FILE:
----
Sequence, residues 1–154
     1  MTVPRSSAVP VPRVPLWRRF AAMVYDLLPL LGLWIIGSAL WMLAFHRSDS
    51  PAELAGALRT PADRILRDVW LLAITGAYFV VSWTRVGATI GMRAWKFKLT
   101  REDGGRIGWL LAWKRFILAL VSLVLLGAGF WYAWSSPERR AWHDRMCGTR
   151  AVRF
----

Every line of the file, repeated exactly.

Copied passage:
Sequence, residues 1–154
     1  MTVPRSSAVP VPRVPLWRRF AAMVYDLLPL LGLWIIGSAL WMLAFHRSDS
    51  PAELAGALRT PADRILRDVW LLAITGAYFV VSWTRVGATI GMRAWKFKLT
   101  REDGGRIGWL LAWKRFILAL VSLVLLGAGF WYAWSSPERR AWHDRMCGTR
   151  AVRF